As has been covered extensively on The Torch by my colleagues, the Department of Justice (DOJ) significantly harmed free speech on college campuses recently with its findings letter to the University of New Mexico (UNM) concluding an investigation into the university’s policies and practices regarding sex discrimination.
Unfortunately, DOJ’s letter doesn’t just create a new problem, nor is its impact limited to UNM’s campus. Rather, the letter adds to the already prevalent problem of colleges and universities throughout the country, under federal guidance, adopting overbroad definitions of sexual harassment in their policies and jeopardizing student and faculty free speech rights in the process.
In finding fault with UNM’s policies and practices regarding sex discrimination on campus, DOJ’s letter states that the university must do more than simply address sexual harassment that falls under the categories of hostile environment and quid pro quo. The department flatly declares that “[u]nwelcome conduct of a sexual nature,” including “verbal conduct” (i.e., speech), is sexual harassment “regardless of whether it causes a hostile environment or is quid pro quo.”
FIRE’s initial reaction to the findings letter wasn’t much different from our reaction to the settlement agreement reached by DOJ and the Department of Education’s Office for Civil Rights (OCR) in 2013 with respect to the University of Montana’s (UM’s) policies and practices on this same issue. In what they called a “blueprint for colleges and universities throughout the country to protect students from sexual harassment and assault,” DOJ and OCR concluded their investigation of UM by mandating the same standard now set forth in DOJ’s findings letter to UNM. As we warned back in 2013, this overbroad and vague definition threatens a great deal of constitutionally protected speech, ranging from discussion of sex-themed literature in an English class to jokes of a sexual nature to even debate over sex- or gender-based political topics on campus.
After all, if any speech related to sex or gender that another person subjectively finds to be “unwelcome” is considered sexual harassment, no matter how unreasonable that assertion may be, then student and faculty speech rights have taken a sharp blow.
Our fears with the 2013 “blueprint” have only been confirmed since then, as universities around the country have adopted the same (or very similar) standards for sexual harassment in their own policies. Just this month, FIRE named Clemson University our “Speech Code of the Month” recipient because its “Anti-Harassment and Non-Discrimination Policy” defines sexual harassment as “unwelcome conduct of a sexual nature,” including “unwelcome sexual advances, requests for sexual favors, and other verbal, nonverbal, or physical conduct of a sexual nature.” That sure sounds familiar. Likewise, we have found such blueprint-based speech codes as the following:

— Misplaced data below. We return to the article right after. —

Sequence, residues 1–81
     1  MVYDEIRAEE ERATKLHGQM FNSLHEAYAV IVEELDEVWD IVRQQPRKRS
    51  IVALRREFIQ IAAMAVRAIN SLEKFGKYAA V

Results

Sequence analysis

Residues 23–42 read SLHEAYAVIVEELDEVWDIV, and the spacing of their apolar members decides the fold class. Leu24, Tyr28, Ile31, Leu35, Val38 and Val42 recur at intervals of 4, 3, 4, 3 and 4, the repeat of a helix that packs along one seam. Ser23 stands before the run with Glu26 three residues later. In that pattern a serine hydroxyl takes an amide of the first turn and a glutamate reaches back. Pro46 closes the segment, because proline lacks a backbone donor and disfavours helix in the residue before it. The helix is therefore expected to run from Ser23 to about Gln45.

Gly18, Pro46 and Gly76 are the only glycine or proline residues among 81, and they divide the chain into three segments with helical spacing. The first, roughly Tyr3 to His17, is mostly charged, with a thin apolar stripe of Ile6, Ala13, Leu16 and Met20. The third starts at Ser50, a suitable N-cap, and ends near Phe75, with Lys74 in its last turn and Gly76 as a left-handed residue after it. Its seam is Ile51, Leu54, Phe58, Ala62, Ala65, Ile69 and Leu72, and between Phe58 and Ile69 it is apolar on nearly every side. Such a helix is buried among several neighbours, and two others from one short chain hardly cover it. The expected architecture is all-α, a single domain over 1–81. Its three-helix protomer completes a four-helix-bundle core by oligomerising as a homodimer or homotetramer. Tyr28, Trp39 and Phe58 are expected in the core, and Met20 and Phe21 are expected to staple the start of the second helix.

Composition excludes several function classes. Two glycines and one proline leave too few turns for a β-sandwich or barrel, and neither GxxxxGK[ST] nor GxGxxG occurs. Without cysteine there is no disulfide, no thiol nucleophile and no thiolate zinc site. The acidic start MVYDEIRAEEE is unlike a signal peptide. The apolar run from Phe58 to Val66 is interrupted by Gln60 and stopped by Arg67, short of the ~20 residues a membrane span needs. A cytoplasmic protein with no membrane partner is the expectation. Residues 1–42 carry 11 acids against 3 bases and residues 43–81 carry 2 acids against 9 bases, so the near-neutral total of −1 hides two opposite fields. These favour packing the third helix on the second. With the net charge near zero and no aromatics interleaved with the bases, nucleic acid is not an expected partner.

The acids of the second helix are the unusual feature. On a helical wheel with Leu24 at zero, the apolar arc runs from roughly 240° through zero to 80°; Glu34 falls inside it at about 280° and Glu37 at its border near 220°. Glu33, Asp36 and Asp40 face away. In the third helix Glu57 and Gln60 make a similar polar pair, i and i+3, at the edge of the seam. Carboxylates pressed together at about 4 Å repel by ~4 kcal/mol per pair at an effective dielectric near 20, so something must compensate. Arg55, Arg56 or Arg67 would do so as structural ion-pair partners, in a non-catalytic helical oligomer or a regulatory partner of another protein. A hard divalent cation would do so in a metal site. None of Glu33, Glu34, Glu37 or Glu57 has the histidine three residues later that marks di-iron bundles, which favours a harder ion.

- The University of Colorado at Boulder defines sexual harassment as “unwelcome conduct of a sexual nature, including unwelcome sexual advances, requests for sexual favors and other verbal, non-verbal or physical conduct of a sexual nature.”
- Georgia Southern University states that sexual harassment “is defined as unwelcome conduct of a sexual nature,” and that “[s]uch conduct may include sexual advances, requests for sexual favors, or other verbal or physical conduct of a sexual nature.”
- The University of Missouri simply states that “[s]exual harassment is a form of sex discrimination. It consists of unwelcome verbal or physical conduct of a sexual nature.”
Given that these and other institutions are following the federal blueprint to the detriment of the speech rights of their students and faculty, there is now reason for further concern in light of the DOJ findings letter.
Our concerns are not limited to the strict language of universities’ policies. As cases like that of Professor Laura Kipnis at Northwestern University demonstrate, universities have taken the federal mandate to mean that they must crack down on all manner of protected speech in the name of Title IX and eradicating sex discrimination. Indeed, the FIRE-sponsored lawsuit filed recently by Professor Teresa Buchanan against Louisiana State University involves not only the same kind of OCR- and DOJ-driven punishment of protected campus expression, but also a challenge to a blueprint-based sexual harassment policy.
Back in 2013, I wrote an article for The Huffington Post in response to the DOJ and OCR blueprint settlement, titled “How Colleges Label Protected Speech as ‘Harassment’—And Why the DOJ and ED Have Made Matters Worse.” The same concerns I raised in that piece have now been brought back to the forefront with DOJ’s findings letter to UNM. Let’s hope we don’t see the same increase in the prevalence of unconstitutional speech codes as a result of the letter.